What to do About Spammy Links from “Malicious Domains”

Google’s John Mueller answers a question about what to do about spammy links. The link and subsequent “penalty” coincide with the date of one of Google’s 2021 spam updates.

Muller provided guidance for this specific situation.

Spammy Links and Correlation

The person asking the question related that spam sites were linking to non-existent pages and triggering a 404 response.

Google Search Console can alert publishers to 404 error responses but that in itself is not a problem.

referring to themerrors” implies that there is something to fix. But the word “error” simply means that the browser request for the web page resulted in the server responding that the browser request is in error because the requested page was not found.

The use of the word error in the context of 404 page not found response means that the error is on the browser side.

The W3C, the non-profit HTML standards body, states that an error on the part of the client (meaning a browser or web crawler) that is requesting a web page made an error because the page was not found.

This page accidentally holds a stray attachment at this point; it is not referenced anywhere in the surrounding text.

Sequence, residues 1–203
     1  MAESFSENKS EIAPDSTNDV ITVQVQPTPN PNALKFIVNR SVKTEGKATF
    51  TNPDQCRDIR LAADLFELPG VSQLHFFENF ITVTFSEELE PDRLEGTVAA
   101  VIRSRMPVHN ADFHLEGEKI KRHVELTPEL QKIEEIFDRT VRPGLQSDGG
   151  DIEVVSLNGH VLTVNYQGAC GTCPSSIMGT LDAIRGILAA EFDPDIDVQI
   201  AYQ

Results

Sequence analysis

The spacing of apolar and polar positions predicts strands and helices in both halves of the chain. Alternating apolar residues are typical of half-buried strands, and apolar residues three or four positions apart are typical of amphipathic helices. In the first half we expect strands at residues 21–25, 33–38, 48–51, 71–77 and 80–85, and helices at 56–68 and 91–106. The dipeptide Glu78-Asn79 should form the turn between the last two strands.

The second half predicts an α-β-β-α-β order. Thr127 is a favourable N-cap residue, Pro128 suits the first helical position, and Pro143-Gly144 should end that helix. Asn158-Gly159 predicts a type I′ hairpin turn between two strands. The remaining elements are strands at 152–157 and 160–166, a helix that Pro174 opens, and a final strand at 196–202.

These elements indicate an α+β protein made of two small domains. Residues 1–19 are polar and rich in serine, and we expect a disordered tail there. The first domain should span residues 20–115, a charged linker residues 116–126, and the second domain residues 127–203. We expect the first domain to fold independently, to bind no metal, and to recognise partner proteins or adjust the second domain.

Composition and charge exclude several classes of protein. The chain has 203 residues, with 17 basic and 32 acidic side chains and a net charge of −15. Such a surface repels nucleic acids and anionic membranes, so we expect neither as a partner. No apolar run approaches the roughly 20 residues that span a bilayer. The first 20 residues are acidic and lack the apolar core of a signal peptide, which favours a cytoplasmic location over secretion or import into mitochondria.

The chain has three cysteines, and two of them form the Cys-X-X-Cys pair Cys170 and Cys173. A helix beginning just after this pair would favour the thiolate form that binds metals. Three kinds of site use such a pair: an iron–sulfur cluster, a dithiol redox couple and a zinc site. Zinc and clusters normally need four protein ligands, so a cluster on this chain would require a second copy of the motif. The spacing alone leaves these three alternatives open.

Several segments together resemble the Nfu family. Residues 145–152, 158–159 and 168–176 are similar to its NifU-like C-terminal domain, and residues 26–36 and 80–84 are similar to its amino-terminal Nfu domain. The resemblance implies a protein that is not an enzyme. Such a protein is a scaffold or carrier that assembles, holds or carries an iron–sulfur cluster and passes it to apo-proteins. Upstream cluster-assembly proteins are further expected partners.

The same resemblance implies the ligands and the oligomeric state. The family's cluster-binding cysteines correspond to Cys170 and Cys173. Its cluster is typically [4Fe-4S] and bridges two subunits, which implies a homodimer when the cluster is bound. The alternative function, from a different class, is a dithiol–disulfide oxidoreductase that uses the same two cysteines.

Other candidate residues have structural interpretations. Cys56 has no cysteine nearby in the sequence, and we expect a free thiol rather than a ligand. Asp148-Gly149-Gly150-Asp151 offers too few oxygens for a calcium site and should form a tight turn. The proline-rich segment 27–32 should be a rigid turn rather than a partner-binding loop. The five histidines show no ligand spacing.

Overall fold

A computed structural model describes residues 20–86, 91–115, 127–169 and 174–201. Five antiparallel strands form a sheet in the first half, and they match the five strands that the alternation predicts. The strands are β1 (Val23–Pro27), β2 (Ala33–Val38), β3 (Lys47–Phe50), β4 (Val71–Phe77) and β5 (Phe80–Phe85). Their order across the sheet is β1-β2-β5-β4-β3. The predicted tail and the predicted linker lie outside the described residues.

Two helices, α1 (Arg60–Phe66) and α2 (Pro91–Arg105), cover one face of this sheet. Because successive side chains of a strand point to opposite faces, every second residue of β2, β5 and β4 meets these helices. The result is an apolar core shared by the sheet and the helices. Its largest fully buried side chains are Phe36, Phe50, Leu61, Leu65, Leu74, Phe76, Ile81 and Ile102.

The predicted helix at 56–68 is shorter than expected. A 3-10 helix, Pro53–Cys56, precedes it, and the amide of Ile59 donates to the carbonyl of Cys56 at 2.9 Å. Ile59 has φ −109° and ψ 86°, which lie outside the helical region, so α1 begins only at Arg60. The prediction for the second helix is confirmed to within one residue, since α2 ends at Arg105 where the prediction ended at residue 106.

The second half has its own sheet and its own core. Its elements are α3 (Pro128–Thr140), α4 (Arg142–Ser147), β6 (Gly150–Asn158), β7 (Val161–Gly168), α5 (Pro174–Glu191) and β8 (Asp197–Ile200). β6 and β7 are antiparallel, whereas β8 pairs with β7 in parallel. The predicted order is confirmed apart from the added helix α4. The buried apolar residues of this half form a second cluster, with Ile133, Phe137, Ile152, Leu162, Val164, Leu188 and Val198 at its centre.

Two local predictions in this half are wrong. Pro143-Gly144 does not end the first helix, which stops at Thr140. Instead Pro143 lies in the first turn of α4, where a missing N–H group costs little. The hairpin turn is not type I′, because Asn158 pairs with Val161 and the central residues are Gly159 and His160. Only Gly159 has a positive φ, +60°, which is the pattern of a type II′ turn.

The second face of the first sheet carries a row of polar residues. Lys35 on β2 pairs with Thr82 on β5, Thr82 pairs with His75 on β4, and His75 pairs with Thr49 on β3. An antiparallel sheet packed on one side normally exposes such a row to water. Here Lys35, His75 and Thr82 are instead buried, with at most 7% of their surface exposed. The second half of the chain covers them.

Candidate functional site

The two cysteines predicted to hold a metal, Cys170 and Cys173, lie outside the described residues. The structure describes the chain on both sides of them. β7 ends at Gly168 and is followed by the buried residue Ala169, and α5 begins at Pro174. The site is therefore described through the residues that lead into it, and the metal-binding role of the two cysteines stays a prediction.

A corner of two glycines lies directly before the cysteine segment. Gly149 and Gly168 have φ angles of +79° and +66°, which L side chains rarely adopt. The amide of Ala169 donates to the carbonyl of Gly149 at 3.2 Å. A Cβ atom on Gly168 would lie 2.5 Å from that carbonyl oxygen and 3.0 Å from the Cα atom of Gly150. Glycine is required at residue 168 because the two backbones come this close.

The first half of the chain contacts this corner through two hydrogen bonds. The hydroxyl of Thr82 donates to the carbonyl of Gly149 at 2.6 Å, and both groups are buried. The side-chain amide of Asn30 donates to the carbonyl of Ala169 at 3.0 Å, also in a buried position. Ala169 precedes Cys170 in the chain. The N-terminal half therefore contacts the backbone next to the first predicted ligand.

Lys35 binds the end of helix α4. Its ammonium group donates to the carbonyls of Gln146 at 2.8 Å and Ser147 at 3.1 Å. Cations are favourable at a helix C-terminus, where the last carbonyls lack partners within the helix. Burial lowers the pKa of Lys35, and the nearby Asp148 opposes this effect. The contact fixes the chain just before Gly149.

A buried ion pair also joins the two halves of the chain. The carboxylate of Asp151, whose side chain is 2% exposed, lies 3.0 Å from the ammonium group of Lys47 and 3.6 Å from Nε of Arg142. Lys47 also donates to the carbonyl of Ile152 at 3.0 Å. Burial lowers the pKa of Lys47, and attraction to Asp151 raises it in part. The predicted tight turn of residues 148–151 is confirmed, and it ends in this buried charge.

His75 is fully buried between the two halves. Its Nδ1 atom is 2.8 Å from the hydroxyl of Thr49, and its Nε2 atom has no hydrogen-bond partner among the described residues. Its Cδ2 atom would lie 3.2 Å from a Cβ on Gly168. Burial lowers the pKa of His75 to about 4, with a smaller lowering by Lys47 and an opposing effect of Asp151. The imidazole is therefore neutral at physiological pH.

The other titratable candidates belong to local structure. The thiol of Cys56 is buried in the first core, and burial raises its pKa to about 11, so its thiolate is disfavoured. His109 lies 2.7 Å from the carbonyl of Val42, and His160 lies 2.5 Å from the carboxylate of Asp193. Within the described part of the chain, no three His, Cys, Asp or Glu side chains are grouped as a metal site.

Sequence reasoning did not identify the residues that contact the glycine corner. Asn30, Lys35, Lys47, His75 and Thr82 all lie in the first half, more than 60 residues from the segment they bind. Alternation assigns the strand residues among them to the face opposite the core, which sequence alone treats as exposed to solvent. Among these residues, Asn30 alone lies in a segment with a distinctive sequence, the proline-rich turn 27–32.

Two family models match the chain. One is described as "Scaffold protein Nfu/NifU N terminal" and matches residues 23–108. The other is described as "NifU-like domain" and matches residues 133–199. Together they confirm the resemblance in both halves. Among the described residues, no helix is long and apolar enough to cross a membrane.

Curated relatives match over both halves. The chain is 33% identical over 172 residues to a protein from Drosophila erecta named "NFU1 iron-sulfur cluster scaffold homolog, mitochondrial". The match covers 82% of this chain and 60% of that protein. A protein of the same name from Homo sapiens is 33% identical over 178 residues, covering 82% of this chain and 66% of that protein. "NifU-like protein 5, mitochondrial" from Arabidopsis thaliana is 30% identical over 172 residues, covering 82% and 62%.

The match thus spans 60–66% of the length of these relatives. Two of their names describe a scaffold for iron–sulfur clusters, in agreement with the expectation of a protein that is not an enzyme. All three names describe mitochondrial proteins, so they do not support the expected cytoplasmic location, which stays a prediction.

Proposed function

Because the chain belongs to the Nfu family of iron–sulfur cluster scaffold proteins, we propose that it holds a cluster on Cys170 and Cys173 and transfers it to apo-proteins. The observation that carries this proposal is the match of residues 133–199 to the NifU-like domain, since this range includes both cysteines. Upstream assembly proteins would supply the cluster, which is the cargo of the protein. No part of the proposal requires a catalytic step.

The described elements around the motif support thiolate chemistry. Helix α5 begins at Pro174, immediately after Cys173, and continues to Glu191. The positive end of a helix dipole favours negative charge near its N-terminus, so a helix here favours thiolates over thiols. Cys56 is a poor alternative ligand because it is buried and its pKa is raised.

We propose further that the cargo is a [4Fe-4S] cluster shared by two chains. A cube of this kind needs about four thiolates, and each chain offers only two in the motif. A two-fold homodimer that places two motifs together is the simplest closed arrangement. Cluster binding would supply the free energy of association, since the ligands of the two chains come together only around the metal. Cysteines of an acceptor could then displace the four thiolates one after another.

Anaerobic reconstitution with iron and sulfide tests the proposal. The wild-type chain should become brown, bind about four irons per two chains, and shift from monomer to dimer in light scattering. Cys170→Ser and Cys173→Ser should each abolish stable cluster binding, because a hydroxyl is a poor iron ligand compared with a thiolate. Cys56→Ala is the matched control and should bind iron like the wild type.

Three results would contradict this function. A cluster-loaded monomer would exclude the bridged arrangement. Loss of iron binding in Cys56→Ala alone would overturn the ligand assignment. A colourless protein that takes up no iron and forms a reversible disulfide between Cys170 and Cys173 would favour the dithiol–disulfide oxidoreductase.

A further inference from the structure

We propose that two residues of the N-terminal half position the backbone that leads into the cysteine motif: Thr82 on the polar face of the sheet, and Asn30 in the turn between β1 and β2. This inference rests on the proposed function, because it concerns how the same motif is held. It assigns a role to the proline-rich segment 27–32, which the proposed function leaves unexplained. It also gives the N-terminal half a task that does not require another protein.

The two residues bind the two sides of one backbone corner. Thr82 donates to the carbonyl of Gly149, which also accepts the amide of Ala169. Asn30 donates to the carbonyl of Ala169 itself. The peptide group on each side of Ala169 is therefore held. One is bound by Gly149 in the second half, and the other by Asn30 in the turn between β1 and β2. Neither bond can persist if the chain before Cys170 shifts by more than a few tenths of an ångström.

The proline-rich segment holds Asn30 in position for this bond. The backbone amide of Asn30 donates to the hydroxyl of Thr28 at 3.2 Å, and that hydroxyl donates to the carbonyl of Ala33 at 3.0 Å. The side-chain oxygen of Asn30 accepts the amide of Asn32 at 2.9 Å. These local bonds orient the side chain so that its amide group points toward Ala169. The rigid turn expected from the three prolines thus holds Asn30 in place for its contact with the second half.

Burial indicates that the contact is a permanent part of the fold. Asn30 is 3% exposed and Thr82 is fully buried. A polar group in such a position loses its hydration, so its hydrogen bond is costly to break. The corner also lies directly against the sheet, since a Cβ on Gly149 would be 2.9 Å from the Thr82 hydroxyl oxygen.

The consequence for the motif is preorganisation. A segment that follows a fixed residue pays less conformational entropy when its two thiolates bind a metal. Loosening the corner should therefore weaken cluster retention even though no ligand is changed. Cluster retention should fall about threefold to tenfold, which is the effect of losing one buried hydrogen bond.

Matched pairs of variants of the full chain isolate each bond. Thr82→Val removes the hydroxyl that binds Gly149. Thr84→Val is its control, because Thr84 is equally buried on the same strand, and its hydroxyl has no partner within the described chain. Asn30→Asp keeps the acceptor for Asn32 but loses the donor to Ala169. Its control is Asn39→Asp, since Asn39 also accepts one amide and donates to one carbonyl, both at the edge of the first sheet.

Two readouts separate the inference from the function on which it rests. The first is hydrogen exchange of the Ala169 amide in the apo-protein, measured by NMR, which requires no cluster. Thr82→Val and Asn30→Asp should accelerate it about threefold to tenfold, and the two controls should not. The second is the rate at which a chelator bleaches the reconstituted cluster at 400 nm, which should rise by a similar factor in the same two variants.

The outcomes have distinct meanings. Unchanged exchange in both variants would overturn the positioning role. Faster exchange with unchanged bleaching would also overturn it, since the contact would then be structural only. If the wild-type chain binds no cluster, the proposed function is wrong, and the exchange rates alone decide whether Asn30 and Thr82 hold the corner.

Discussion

W3C Documentation state:

“The 4xx class of status codes is intended for cases in which the client has made a mistake.”

The 404 response code is called, 404 Not Found in the W3C documentation:

“10.4.5 404 Not Found”

“The server has not found anything matching the Request-URI.”

So the fact that a spam site was triggering a 404 page not received response doesn’t mean it’s harmful.

And Müller shows in his answer why links are neutral due to 404.

Here is the question:

“What can we do if we have thousands of spammy links that are constantly placed as backlinks on malicious domains?

They contain spammy keywords and cause 404 on our domain.

We see a strong correlation between these spammy links and the fines that followed the spam update in 2021.

We declined all spammy links and we reported the domain that is listed as the source of the link spam.

What else can we do?”